Two writers cautiously inch toward love in this Israeli university teacher’s sluggish first novel, following the collection Housebroken (2001).
Yonatan Luria, 45, lives in Tel Aviv with his ten-year-old daughter Dana. His wife Ilana died five years before in a car accident. Since then Yonatan has written only a few pages, though he has a reputation based on two earlier novels about love. Money’s not a problem; Ilana’s rich American parents continue to send regular checks. Yonatan’s eventual partner, 36-year-old Shira Klein, saw her first novel top the bestseller list, but that was three years ago. She too has writer’s block. Shira is unmarried, though she has had affairs. She doesn’t make things easy for herself; if men are either “very smart or not enough,” out come her claws. Yonatan, who considers himself an excellent lover, has been celibate for years, though women are always hitting on him. These two difficult people, lonely, restless and self-hating, meet over dinner at a mutual friend’s house. He wants me, he wants me not, muses Shira. She wants me, she wants me not, muses Yonatan. Just do it, begs the reader, but their first kiss will not come until past the halfway point, and it will be another 100 pages before a joint declaration of love. Meanwhile, Dana is experiencing preadolescent anxieties, and Shira’s retired father Max is slowly dying. Hedaya provides context through glimpses of Tel Aviv life, but she does not have the alchemy to invest the mundane with significance. Towards the end, as Yonatan begins teaching in Jerusalem, attention shifts to Shira’s vigil for Max. That’s unfortunate, for the love relationship could use closer examination after Yonatan’s university gig exposes him as a supreme narcissist, thrilled that his students are more interested in him than in Faulkner, his ostensible subject.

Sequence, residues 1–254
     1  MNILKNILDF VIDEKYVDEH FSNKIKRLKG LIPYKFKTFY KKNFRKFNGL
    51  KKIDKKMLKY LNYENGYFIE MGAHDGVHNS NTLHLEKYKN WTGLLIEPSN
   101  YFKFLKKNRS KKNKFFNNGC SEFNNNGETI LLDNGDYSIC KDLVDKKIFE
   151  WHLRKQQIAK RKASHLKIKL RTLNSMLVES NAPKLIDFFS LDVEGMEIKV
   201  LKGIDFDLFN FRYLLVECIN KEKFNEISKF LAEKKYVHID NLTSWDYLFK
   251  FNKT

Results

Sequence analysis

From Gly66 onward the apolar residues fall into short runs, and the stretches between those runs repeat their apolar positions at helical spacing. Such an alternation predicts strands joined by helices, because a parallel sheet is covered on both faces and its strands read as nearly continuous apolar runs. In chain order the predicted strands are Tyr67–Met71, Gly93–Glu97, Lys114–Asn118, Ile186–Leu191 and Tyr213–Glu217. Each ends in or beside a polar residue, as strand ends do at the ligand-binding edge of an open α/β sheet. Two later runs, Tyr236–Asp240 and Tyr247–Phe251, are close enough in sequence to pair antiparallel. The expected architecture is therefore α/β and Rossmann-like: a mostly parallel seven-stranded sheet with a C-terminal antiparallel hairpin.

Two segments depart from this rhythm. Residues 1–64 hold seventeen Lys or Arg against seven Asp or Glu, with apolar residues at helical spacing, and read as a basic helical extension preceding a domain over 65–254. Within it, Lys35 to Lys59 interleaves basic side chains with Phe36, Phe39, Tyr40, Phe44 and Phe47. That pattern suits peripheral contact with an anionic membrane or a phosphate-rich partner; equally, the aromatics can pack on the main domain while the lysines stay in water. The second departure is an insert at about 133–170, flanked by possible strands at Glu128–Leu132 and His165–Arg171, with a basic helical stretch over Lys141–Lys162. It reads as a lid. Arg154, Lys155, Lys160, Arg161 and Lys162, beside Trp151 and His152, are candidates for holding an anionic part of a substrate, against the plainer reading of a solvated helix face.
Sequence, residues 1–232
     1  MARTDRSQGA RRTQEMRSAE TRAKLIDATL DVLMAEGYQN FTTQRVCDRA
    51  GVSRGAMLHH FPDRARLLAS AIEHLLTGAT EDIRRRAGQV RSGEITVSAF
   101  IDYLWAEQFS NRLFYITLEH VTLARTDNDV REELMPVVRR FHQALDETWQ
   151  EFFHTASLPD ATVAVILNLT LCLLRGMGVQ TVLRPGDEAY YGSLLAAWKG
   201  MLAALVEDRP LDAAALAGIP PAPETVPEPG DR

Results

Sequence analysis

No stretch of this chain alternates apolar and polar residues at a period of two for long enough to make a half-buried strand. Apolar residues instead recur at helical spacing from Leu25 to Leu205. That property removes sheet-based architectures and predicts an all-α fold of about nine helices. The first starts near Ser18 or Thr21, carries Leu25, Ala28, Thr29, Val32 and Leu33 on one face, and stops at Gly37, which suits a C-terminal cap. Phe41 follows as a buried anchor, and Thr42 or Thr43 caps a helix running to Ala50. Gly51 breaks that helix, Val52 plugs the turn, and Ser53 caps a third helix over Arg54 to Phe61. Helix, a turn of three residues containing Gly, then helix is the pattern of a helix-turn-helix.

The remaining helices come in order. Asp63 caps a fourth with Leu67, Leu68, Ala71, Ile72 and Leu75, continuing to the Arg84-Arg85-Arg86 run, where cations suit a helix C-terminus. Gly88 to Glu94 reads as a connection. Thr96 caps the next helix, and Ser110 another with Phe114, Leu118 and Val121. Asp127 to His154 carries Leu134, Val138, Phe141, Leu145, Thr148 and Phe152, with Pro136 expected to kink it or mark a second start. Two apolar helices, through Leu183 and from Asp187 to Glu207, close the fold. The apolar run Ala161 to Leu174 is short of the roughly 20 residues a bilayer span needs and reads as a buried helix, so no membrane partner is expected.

A superficial, verbose account of a problematic relationship.